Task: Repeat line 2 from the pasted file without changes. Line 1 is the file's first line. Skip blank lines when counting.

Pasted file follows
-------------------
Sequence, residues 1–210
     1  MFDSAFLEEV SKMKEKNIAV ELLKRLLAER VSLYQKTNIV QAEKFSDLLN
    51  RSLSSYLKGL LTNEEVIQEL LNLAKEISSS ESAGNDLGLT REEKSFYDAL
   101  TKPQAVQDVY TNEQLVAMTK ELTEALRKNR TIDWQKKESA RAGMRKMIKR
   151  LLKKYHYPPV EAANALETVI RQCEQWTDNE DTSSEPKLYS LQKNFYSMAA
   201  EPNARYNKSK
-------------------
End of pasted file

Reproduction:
     1  MFDSAFLEEV SKMKEKNIAV ELLKRLLAER VSLYQKTNIV QAEKFSDLLN